In 1965, Bill Mack moved to radio station WBAP in Fort Worth, Texas where he hosted an all-night country show. The show proved so popular that in August 1970 WBAP transmuted itself into an all-country station. Bill was also the recipient of the Country Music Association (CMA) 'Disc Jockey of the Year' Award.
As a result of management decisions, Bill Mack was fired by WBAP in March 1982; for the next six years, he worked on his autobiography and for several radio stations.
In 1988, WBAP, which was now under new management, wooed Bill Mack back onto its airwaves with his ''All Night Trucking Show' which has continued ever since.
The song-writing side of Bill Mack began when he was thirteen years old. His best known compositions include 'Drinking Champagne' which George Strait took to No.1 on the Billboard country music singles chart in 1991, and 'Blue' which LeAnn Rimes had a hit with in 1996.
Johnny Cash (Friday 26 February 1932 - Friday 12 September 2003) recorded Bill Mack's 'Singing Star's Queen', which was co-written with Waylon Jennings (Tuesday 15 June 1937 - Wednesday 13 February 2002), and included the track on 'Everybody Loves a Nut' (Columbia Records, 1966).
Waylon Jennings (Tuesday 15 June 1937 - Wednesday 13 February 2002) recorded Bill Mack's 'John's Back In Town' (co-written with Waylon Jennings) and included the track on 'The One And Only' (RCA Camden, 1967).
Cal Smith recorded Bill Mack's 'Drinking Champagne' and included the track on 'At Home With Cal' (Kapp Records, 1968).
Cal Smith recorded Bill Mack's 'Drinking Champagne' and included the track on 'Drinking Champagne' (Kapp Records, 1968).
Faron Young (Thursday 25 February 1932 – Tuesday 10 December 1996) recorded Bill Mack's 'Drinking Champagne' and included the track on 'I've Got Precious Memories' (Mercury Records, 1969).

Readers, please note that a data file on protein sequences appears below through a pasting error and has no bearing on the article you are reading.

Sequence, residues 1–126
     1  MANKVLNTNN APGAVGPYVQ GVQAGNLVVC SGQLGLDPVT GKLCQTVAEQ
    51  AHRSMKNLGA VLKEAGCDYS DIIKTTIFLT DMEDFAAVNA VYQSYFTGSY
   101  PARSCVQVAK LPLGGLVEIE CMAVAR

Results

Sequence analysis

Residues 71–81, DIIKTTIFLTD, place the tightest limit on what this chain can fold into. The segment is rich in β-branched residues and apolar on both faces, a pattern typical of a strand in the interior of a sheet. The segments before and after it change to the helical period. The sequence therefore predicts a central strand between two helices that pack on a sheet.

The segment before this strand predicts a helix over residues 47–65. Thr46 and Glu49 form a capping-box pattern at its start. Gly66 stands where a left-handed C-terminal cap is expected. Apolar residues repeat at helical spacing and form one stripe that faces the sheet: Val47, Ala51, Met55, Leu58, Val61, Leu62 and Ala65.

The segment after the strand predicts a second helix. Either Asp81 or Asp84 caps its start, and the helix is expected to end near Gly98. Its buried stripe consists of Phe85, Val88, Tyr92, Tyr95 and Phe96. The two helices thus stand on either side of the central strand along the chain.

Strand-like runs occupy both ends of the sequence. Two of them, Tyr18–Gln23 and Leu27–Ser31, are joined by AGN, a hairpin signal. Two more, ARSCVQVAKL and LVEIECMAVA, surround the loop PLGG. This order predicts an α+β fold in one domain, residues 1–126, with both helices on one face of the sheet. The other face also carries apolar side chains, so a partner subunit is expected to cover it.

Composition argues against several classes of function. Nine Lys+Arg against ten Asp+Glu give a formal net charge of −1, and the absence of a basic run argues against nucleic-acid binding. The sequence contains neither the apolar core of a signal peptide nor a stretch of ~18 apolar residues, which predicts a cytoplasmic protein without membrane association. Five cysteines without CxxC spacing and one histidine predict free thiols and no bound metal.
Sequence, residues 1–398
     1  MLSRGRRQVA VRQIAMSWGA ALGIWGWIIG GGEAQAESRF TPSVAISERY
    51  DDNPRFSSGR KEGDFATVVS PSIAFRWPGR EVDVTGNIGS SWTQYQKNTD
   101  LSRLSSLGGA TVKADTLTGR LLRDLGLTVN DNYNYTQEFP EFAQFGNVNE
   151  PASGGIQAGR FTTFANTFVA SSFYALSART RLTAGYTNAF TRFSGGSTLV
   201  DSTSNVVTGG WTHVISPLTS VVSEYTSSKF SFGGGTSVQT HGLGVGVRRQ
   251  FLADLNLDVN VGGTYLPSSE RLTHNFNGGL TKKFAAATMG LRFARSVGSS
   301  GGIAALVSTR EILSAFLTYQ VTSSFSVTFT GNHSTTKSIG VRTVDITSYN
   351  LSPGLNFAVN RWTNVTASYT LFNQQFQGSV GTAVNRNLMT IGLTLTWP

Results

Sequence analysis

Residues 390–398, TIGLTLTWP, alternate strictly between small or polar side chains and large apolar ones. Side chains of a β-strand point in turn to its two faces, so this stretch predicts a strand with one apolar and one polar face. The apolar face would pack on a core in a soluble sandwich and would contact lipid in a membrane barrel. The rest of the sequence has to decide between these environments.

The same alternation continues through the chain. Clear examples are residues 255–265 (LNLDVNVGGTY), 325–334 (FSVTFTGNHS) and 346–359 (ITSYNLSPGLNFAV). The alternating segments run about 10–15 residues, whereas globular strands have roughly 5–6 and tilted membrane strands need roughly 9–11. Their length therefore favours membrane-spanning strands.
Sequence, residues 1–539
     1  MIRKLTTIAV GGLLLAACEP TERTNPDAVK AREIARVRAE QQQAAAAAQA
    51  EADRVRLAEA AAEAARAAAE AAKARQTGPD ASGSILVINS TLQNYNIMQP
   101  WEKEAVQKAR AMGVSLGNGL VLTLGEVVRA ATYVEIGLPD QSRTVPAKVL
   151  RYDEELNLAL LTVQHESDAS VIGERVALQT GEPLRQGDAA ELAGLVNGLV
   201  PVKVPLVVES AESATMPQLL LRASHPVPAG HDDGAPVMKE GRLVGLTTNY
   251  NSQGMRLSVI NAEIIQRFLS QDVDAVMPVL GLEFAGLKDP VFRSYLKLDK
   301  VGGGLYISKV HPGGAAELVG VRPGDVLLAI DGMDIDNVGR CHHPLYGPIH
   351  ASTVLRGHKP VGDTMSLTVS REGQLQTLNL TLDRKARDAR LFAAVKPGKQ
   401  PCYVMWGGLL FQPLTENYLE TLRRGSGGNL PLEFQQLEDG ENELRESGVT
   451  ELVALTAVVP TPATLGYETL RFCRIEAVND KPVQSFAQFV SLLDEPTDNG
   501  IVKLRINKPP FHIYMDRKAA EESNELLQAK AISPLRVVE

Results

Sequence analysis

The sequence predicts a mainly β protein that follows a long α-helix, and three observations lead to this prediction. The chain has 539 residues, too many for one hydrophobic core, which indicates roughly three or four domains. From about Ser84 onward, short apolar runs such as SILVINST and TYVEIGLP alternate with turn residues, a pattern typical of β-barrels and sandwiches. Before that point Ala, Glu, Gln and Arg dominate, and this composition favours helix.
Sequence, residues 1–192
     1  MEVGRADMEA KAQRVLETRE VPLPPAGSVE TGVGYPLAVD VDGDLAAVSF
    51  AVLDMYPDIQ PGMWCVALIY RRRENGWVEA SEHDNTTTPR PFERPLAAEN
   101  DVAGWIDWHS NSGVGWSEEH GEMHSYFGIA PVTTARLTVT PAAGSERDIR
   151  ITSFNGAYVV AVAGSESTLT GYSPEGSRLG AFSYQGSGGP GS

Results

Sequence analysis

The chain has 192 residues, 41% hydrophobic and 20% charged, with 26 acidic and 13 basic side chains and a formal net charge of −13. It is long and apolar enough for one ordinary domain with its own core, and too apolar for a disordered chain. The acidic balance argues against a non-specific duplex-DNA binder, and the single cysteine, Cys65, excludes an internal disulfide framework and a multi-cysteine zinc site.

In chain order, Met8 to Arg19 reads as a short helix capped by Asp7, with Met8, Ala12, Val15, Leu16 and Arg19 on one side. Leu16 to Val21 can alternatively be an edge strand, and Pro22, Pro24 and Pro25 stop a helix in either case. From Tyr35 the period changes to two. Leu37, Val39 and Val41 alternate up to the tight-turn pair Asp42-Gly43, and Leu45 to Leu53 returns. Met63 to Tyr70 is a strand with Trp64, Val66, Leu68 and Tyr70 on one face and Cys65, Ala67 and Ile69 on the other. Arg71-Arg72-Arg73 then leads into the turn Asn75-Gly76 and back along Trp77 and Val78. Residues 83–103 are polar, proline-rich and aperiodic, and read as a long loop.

Gene Watson recorded Bill Mack's 'John's Back In Town', which was co-written with Waylon Jennings (Tuesday 15 June 1937 - Wednesday 13 February 2002), and included the track on a 45rpm vinyl single (Uni Records, 1969); the track was subsequently included on 'The Best of Gene Watson' (Capitol Records, 1978 and 1989).
Connie Smith recorded Bill Mack's 'Clinging To A Saving Hand' and included the track on 'Where Is My Castle' (RCA Records, 1971).
Don Gibson (Tuesday 3 April 1928 - Monday 17 November 2003) recorded Bill Mack's 'Drinking Champagne' and included the track on 'Touch The Morning / That's What I'll Do' (Hickory Records, 1973).
Jim Ed Brown recorded Bill Mack's 'Drinking Champagne' and included the track on 'Barrooms And Pop-A-Tops' (RCA Records, 1973).
Cal Smith recorded Bill Mack's 'Drinking Champagne' and included the track on 'It's Time To Pay The Fiddler' (MCA Records, 1975).
George Strait recorded Bill Mack's 'Drinking Champagne' and included the track on 'Livin' It Up' (MCA Records, 1990).
LeAnn Rimes recorded Bill Mack's 'Blue' and included the track on 'Blue' (Curb Records, 1996); the track reached No.10 on the Billboard Hot Country Singles and Tracks Chart in 1996, and No.26 on the Billboard Hot 100 pop chart.
LeAnn Rimes' 'Blue' (Curb Records, 1996) also included 'One Way Ticket (Because I Can)' (written by Keith Hinton and Judy Rodman), which reached No.1 on the Billboard Hot Country Singles and Tracks Chart in 1996, along with 'The Light In Your Eyes' (written by Dan Tyler), which reached No.5 on the Billboard Hot Country Singles and Tracks Chart in 1997.
LeAnn Rimes recorded Bill Mack's 'Clinging To A Saving Hand' and included the track on 'You Light Up My Life: Inspirational Songs' (Curb Records, 1997).
The New Coon Creek Girls, featuring Dale Ann Bradley, recorded Bill Mack's 'Clinging To A Saving Hand' and included the track on 'Our Point Of View' (Pinecastle Records, 1998).
Willie Nelson recorded Bill Mack's 'Drinking Champagne' andd included the track on 'Country Music' (Rounder Records, 2010).